Functional magnetic resonance imaging (fMRI) has become the most widely used modality for visualizing regional brain activation in response to sensorimotor or cognitive tasks. While the majority of fMRI studies have used blood oxygenation level-dependent (BOLD) contrast as a marker for neural activation, baseline drift effects result in poor sensitivity for detecting slow variations in neural activity. By contrast, drift effects are minimized in arterial spin labeling (ASL) perfusion contrast, primarily as a result of successive pairwise subtraction between images acquired with and without labeling. Recent data suggest that ASL contrast shows stable noise characteristics over the entire frequency spectrum, which makes it suitable for studying low-frequency events in brain function. The present study investigates the relative sensitivities of ASL and BOLD contrast in detecting changes in motor cortex activation over a spectrum of frequencies of experimental design, where the alternating period between the resting state and activation is varied from 30 s up to 24 hr. The results demonstrate that 1) ASL contrast can detect differences in motor cortex activation over periods of minutes, hours, and even days; 2) the functional sensitivity of ASL contrast becomes superior to that of BOLD contrast when the alternating period between the resting state and activation is greater than a few minutes; and 3) task activation measured by ASL tends to have less intersubject variability than BOLD contrast. The improved sensitivity of the ASL contrast for low task frequency and longitudinal studies, along with its superior power in group analysis, is expected to extend the range of experimental designs that can be studied using fMRI.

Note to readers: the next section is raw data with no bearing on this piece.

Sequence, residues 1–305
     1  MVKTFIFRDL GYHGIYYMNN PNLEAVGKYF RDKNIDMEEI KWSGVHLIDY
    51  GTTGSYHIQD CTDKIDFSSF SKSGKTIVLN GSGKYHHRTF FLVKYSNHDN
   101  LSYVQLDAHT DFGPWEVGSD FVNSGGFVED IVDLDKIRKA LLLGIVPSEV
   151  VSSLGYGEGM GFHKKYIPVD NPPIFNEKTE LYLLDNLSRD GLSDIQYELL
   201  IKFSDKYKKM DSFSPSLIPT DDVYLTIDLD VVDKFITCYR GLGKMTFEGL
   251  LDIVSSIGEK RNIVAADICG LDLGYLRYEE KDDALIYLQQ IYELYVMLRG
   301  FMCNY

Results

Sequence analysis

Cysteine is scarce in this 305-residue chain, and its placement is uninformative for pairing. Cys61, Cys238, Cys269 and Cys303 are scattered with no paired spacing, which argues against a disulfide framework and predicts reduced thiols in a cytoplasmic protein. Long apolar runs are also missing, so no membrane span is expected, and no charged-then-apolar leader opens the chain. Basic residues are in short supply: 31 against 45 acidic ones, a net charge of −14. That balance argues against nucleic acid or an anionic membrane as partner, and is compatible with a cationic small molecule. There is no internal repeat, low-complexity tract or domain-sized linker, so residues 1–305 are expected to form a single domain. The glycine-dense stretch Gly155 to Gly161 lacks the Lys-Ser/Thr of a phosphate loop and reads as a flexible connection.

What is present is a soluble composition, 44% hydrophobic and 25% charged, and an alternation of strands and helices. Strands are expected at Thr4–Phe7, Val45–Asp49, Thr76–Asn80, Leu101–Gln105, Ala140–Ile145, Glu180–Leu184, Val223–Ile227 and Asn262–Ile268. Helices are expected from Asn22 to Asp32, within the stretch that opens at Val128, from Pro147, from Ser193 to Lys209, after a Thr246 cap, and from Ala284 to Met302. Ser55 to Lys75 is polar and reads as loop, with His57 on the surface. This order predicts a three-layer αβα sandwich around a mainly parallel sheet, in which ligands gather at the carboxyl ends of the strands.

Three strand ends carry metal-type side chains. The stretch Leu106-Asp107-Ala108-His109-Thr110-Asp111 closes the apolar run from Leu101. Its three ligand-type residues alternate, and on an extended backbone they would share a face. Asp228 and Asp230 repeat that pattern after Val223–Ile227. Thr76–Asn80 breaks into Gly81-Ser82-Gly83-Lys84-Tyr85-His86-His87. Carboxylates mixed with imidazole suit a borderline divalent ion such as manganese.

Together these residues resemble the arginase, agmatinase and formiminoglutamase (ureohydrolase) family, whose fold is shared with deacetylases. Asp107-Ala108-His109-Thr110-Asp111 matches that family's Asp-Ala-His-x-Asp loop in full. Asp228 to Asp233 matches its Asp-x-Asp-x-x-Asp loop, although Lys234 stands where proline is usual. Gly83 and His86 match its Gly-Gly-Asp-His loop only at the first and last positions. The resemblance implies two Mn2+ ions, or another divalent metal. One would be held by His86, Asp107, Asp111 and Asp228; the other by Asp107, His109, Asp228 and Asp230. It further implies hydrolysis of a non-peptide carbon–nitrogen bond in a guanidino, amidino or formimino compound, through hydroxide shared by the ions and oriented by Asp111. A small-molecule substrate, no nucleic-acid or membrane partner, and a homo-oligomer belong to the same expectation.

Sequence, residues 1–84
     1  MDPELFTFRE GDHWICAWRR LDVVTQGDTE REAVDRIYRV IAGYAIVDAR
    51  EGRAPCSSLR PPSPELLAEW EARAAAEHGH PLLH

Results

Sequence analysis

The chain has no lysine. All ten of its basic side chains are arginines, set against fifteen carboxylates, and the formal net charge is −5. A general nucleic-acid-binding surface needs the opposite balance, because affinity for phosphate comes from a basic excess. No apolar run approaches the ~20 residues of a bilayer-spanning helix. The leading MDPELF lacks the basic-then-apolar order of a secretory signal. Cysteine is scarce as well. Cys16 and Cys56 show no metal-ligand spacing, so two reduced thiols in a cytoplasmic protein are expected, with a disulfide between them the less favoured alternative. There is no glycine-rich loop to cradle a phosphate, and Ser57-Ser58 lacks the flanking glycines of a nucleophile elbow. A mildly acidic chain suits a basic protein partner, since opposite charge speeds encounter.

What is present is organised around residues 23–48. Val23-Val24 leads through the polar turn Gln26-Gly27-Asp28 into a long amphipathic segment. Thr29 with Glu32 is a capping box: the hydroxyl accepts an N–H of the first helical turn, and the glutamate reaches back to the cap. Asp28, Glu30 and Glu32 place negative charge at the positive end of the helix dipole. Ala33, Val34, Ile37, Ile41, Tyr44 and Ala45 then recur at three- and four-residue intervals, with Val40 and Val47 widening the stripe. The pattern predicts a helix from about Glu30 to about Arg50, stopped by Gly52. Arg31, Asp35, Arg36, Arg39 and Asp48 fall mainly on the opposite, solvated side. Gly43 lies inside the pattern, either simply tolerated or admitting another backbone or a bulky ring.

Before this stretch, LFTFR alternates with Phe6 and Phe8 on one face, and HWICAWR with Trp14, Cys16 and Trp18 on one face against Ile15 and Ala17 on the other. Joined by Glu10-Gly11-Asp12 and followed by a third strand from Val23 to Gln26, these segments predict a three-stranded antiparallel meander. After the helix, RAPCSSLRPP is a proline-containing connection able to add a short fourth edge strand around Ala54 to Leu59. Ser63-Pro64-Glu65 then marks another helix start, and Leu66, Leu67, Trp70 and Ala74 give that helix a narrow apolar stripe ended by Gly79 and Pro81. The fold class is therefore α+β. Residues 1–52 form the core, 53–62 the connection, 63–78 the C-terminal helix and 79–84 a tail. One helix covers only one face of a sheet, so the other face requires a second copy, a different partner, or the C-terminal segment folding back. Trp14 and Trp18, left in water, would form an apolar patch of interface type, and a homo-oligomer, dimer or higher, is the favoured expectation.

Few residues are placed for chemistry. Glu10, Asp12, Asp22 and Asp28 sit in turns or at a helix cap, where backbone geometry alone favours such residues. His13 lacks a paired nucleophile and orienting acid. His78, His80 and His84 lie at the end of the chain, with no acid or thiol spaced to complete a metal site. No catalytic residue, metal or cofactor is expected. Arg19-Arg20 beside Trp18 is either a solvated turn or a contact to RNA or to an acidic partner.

Copyright 2003 Wiley-Liss, Inc.